The truck has been fixed. New brakes, and we put a new rear bumper on it, so we can strap fuel cans to the bumper, and put more mortar ammo in the trunk. There might come a day soon when we need it...

However, in the meantime, we are all staying trained up. We had a Combat Life Saver refresher course today (CLS). We had to give an IV to another soldier (I gave an IV to White, and did a decent job this time), and we had to be given an IV as well (White gave me an IV and we discovered that I have veins of steel. The catheter actually BENT as he was trying to insert it into my vein. But the second time went much better). In addition, we discussed NPAs and OPAs, pressure dressings, tourniquets, and suchlike. It was very informative.

I also discovered that Captain Sevilla will be flying home at the same time as me. Probably on the same flight, even, since there are not many flights leaving around the same time as mine. She was the Physicians Assistant who palpated my potential hernia earlier in this deployment. She has a good sense of humor and doesn't take her rank too seriously (can I say that? We'll find out, I guess).

Also I tried to complete another of my goals for weight training a few days ago and I am JUST short of the mark. I am sure I can do it next time, though.

Sunday, October 14, 2007

Truck is in the shop

Our truck is in the shop and has been for 3 days. We evidently drove it until the brake pads were ground down to metal. And then drove it some more. In the meanwhile, we've used a borrowed truck to go on missions. That's always a super huge pain in the tuckus, as it involves taking the other crews equipment out, storing it in our area, putting our gear in and setting it up the way we want it, then when we're done with the missions, doing the opposite (ours back out, theirs back in). It just adds a lot of work to the prep stage of a mission.

Our last mission was another trip to Sperwhen Gar. We gave 1 to 5 odds against us making contact and actually made $6. I hope I can make some more money this way before I go on leave. hehe.

I have 3 more exercise days to test my last achievable goal before going on leave, so I have to really push myself on that. I feel pretty confident on it though. And my body weight has not been an issue. The heaviest I've found myself weighing so far is right at 180lbs.

Sadly, I'm out of books again. I have one Terry Pratchett book left that I'm saving for the trip home, I've read all the others. Now I'm going through the library in the company CP, but sadly, most of those are violent detective/murder mystery type novels, which just don't help me maintain my witness very well.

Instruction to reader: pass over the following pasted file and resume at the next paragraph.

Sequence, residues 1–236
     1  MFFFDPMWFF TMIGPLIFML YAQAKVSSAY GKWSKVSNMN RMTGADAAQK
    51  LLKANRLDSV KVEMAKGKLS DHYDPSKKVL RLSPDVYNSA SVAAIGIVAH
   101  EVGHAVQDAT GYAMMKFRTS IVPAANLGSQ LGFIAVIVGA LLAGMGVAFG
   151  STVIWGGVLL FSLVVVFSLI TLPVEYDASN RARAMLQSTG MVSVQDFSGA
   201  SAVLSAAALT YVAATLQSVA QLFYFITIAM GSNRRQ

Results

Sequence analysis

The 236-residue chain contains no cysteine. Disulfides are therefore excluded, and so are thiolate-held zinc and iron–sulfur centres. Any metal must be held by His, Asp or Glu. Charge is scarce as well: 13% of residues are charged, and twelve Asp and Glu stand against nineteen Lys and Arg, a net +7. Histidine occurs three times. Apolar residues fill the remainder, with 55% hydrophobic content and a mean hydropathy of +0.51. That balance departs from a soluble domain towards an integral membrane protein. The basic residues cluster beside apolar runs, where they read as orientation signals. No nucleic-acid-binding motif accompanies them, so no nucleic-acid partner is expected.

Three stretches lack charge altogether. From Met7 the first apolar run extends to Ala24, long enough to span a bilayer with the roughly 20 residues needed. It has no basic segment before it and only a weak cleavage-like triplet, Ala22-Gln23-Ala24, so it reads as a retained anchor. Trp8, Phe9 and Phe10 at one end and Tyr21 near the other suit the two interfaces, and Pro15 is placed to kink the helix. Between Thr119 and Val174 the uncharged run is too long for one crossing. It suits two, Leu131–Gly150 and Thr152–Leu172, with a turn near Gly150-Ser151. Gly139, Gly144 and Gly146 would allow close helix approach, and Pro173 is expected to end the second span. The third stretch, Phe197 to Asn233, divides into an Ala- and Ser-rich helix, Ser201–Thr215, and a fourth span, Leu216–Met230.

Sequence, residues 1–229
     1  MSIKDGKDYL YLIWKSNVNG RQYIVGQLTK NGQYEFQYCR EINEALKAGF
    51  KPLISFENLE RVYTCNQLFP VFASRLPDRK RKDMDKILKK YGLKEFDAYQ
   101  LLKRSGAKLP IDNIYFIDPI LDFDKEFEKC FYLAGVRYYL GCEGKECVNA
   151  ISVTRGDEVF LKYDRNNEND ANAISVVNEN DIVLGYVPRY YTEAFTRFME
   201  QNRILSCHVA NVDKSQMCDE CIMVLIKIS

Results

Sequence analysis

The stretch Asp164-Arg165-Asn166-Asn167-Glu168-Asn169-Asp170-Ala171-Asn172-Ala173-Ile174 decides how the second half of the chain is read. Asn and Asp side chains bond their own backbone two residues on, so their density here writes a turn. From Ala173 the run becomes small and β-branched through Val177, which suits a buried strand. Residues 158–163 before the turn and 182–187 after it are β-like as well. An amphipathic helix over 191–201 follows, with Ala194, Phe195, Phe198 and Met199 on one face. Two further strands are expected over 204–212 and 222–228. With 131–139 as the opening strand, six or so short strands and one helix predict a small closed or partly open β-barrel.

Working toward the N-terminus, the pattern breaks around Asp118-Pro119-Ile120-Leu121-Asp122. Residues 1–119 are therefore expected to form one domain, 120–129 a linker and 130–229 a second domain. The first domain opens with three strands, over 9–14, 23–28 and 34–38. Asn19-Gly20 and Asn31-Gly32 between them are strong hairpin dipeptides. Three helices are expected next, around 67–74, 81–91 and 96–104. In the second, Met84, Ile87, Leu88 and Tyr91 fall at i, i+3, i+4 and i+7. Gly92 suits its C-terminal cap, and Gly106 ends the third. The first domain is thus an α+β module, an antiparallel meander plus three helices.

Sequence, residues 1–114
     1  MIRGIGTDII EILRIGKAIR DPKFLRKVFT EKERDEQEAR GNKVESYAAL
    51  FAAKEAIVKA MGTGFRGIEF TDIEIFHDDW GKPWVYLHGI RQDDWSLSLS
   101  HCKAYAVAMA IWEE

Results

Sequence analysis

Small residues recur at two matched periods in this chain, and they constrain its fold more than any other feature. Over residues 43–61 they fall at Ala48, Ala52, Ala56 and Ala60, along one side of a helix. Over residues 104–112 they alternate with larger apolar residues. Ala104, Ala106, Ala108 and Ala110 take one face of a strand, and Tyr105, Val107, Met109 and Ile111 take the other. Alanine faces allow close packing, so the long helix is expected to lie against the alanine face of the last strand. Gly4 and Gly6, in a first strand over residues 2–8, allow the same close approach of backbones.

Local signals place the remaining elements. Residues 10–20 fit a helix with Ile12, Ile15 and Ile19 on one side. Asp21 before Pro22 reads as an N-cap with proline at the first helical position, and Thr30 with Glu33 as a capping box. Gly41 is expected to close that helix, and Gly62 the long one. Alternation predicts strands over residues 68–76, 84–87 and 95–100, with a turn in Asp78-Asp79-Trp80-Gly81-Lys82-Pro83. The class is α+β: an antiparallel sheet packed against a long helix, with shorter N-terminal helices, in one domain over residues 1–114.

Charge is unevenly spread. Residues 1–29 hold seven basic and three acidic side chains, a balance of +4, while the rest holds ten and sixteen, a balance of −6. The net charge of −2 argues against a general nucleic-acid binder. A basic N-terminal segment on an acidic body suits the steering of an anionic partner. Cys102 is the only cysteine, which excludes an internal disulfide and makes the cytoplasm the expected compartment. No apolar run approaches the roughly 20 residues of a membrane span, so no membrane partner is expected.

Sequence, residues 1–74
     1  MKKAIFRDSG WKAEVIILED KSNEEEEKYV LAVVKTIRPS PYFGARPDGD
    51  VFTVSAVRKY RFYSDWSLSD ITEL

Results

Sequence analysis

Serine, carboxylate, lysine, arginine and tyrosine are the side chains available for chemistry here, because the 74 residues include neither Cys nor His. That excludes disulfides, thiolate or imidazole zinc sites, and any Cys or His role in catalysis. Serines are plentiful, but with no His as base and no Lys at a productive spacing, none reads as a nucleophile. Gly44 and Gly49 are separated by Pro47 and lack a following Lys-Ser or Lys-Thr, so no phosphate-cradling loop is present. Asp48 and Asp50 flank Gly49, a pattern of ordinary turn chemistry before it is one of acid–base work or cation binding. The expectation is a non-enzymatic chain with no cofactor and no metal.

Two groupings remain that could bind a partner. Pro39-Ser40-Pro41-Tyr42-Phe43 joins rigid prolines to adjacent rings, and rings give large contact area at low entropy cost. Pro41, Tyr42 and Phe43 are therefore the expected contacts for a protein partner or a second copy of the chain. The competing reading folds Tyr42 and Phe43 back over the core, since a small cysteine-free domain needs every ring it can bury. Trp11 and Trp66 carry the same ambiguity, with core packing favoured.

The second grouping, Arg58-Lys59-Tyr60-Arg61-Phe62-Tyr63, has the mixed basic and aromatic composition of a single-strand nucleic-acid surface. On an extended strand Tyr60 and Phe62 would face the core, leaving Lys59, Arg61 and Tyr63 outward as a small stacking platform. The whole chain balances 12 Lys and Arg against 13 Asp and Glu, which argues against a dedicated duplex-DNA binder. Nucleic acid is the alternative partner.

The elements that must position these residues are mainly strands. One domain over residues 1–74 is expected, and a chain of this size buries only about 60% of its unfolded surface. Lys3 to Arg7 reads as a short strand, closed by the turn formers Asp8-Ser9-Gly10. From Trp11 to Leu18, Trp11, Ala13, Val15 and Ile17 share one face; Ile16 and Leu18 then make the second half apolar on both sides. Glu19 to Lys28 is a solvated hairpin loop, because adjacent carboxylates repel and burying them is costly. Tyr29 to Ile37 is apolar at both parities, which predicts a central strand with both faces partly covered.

Anyway, now I have guard duty for a couple of hours.

Wednesday, October 10, 2007

Leave is not CANCELLED, just delayed

In case any of you are worried, my leave has not been cancelled, just pushed back a little bit.

The men we sent to Camp Phoenix have come back, and brought with them Capt. Pinson, who will be staying on our FOB for a week or so. In addition to being a former member of the unit (both enlisted and officer), he is also 1) my insurance agent, and 2) the son of a deacon at my church, and 3) graduated from the same college as me.

Lately I've been playing a lot of EverQuest. The new internet provides fairly decent ping, so I have two options for connectivity, which is good.

Not much else new is happening. Well, I did see a cat the other day and fed it some tuna. And Lindsey, the dog, is gaining a lot of weight. She looks healthy for the first time in a while. Actually, for the first time since I've ever seen her.

Monday, October 8, 2007

My leave is delayed

The 1st Sgt told me today that he has the flight schedule for November, and I am not flying out on the first. This makes me sad. I'm sure when Sgt. Knight gets back, he will be unhappy about this as well.

However, this does mean that I have more time to make sure that the new HajjiNet is working up to speed before I go home on leave. That's important to everyone here, since most of the guys use Skype to talk to their families. Or Yahoo Instant Messenger.

Now that I know I'll be leaving later, I need to reassess my PT goals (3 out of 5 so far!) and think more carefully about what to pack for the trip.

Sunday, October 7, 2007

My role as network administrator for Hajji Net

So. We have commercial internet access. Some/Most of the time, anyway. I refer to it as "Hajji Net," because we call the local nationals "Hajji's." I'm given to understand that this is a title given to a muslim who has made the pilgrimage to Mecca, but I haven't looked that up, it's just hearsay.

Anyway, the commercial internet is being provided by locals, hence HajjiNet. Due to my background in computers and networking, I've been "asked" to make sure that the locals know what they're doing when they set up the network. So I've been getting lots of questions about "Why doesn't my internet work?" and "What's wrong with my computer?" and that sort of thing.

I've had to re-crimp cables, troubleshoot bad cables, bad ports, and in general bad networking practices. I've helped to run the cable and offered advice on how to configure the network. I also spend a good bit of time testing the networks response, to make sure it's running at the speed we were promised.